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Posts Tagged ‘recreation’

The Sportwoman’s Reading List, Part II (via http://camoisthenewblack.com)

Our last book recommendations prompted more thinking so here’s our part two… Please keep sending your favorite reads and we’ll update with a part III!   A Sand County Almanac by Aldo Leopold A tribute to the great outdoors and the land we love…

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The West is filled with iconic landscapes, most of them public. With rod in hand, shotgun or rifle shouldered, most of us have experienced the bounty public lands provide. And from our earliest days in the field when any body of water or forest held unseen potential, to our current, often thoughtfully planned excursions, public lands have always been there to provide opportunity.

A new report by the National Wildlife Federation highlights the value of public lands for hunters and anglers.

A new report by the National Wildlife Federation highlights the value of public lands for hunters and anglers.

For many, the true American dream is pursuing North America’s trophy big game on the West’s vast open spaces. It’s the epitome of DIY – a complete hunting or fishing trip in the West – and also a testament to our sporting nature. It’s all there: the planning, the practice, the pursuit, the stalk, the shot and the harvest.

This sporting heritage is hard to quantify on a personal level. The value of days spent afield alone or with great friends and family, transcends material possessions. The value of public lands, however, can be quantified. The National Wildlife Federation’s (NWF) new report, Valuing Our Western Public Lands: Safeguarding Our Economy and Way of Life, illustrates the value and scope of our western lands and sends a clear message that these lands define the American landscape and our national identity.

The bulk of the vast open spaces are in the West, where they have generated jobs and revenue from commodity production, tourism and recreation, including hunting and fishing. As the western economy changes from one dominated by natural resource production to one distinguished by knowledge- and service-based industries, conserving public lands becomes increasingly important as a magnet for businesses and employees seeking a high quality of life.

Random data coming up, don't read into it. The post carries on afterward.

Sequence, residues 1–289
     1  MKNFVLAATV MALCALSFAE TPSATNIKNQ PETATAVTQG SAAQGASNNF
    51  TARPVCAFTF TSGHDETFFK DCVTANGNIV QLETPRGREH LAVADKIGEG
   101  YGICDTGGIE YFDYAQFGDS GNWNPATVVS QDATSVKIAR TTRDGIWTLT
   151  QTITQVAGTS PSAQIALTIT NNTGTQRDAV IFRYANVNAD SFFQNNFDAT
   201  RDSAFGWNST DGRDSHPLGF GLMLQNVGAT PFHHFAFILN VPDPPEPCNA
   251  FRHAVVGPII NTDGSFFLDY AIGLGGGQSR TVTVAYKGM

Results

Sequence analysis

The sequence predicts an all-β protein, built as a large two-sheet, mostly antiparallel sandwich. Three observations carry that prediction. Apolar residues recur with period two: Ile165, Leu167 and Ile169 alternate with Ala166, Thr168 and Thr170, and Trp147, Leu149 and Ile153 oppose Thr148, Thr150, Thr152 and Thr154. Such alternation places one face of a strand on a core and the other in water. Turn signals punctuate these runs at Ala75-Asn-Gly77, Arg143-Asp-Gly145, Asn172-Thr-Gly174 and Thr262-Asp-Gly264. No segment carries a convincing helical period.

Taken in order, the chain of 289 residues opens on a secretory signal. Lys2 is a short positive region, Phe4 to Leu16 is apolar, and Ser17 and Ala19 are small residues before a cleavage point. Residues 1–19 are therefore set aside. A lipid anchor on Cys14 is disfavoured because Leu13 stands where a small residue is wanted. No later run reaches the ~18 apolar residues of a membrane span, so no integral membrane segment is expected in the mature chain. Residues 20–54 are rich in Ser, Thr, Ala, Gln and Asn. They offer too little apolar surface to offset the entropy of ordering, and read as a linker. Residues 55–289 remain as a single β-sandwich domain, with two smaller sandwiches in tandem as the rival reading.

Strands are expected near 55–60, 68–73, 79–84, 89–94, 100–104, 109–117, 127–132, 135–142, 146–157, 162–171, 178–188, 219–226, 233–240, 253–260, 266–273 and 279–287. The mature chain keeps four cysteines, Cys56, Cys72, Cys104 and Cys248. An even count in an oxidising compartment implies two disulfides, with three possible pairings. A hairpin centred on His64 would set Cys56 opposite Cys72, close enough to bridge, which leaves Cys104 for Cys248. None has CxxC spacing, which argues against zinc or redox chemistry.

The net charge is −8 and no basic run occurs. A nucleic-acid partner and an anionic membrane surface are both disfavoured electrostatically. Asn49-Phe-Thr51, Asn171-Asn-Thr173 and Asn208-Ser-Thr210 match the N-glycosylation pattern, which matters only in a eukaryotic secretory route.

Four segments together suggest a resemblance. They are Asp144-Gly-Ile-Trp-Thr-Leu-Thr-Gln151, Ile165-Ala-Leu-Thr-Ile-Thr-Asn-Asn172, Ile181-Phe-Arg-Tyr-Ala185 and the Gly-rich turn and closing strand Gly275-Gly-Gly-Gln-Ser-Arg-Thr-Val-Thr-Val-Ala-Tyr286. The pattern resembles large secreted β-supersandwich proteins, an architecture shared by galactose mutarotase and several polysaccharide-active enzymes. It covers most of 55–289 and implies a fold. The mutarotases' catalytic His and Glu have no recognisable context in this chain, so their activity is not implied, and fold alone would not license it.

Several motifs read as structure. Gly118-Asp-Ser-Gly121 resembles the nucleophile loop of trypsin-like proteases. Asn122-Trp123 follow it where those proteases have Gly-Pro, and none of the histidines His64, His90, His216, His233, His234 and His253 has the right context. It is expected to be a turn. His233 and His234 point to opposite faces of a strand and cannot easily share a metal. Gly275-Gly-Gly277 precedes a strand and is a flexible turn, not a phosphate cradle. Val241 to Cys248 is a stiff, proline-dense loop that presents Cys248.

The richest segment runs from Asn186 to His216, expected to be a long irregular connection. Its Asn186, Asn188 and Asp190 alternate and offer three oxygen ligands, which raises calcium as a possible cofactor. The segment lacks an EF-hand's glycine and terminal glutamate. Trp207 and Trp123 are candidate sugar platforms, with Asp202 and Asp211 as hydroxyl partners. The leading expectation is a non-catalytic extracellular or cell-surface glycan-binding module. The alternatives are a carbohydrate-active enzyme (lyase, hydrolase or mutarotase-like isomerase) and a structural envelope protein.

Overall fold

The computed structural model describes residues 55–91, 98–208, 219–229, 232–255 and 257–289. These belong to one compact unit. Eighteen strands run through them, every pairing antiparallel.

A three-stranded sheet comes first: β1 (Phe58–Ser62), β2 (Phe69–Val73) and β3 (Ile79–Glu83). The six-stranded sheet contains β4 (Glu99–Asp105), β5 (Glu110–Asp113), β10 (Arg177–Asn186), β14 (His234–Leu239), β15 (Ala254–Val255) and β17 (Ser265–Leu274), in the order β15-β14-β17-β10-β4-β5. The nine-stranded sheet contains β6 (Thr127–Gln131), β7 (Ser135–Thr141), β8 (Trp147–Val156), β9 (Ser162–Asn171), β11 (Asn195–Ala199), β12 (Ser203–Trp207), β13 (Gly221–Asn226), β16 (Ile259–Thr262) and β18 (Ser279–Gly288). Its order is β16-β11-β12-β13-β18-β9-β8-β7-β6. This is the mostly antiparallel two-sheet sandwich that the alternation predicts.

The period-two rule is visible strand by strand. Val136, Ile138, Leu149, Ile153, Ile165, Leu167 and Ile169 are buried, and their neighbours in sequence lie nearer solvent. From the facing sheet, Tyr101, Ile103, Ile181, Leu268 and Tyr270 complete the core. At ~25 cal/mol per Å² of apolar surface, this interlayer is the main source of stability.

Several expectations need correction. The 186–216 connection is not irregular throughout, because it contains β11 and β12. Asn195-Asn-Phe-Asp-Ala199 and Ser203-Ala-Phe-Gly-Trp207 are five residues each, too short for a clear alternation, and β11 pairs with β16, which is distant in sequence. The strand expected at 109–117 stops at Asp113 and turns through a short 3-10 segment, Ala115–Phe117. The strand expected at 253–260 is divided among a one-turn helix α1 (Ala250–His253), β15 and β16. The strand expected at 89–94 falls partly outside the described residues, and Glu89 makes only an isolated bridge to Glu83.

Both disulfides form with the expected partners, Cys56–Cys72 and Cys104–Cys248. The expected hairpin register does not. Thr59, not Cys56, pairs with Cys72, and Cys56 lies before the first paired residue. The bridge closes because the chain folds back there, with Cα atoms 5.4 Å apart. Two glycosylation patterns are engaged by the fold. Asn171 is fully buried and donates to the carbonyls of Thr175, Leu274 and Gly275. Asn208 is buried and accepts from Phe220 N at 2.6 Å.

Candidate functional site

The NWF report can be found at: http://www.ourpubliclands.org/sites/default/files/files/NWF_PublicLands.pdf

This fat brown trout was caught on public lands on the South Platte, which the author has fished since childhood. Photo by Matt Vincent

This fat brown trout was caught on public lands on the South Platte, which the author has fished since childhood. Photo by Matt Vincent

Several recent studies and surveys within the report found that:

• Many communities near public lands managed for conservation and recreation report higher levels of economic, population and income growth and higher property values.

• The outdoor recreation industry, including fishing and hunting, contributes nearly $650 billion to the U.S. economy and supports more than 6 million jobs. Western public lands provide recreation for people from across the country and world.

• Americans invest nearly $39 billion annually in natural resource conservation, resulting in more than $93 billion in direct economic benefits.

• Extractive, commodity-based industries generate needed materials and energy and provide jobs and revenue, but have been cyclical and have become a smaller part of the overall economy.

“Public Lands are not just where I recreate; they are also where I get my food,” said Armond Acri, a retired chemical engineer who hunts big game and waterfowl. ” I hunt on National Forest, BLM lands, State and Federal Wildlife Refuges, and State Lands.  Each year I hunt grouse, ducks, geese, deer, elk and perhaps antelope.  In a few special years I have had the privilege to hunt bison and bighorn sheep.  Public Land helps me feed both my body and my soul.  I cannot put a price on Public Land, but I know it is one of my most valued possessions.  That is why I fight to preserve the Public Lands we all own.”

Intact habitat and unspoiled backcountry are essential to maintaining fish and wildlife habitat. Proposals to dispose or devalue

Energy development on public lands can eliminate wildlife's ability to migrate from summer to winter habitat as well as adjust to the growing effects of climate change.

Energy development on public lands can eliminate wildlife’s ability to migrate from summer to winter habitat as well as adjust to the growing effects of climate change.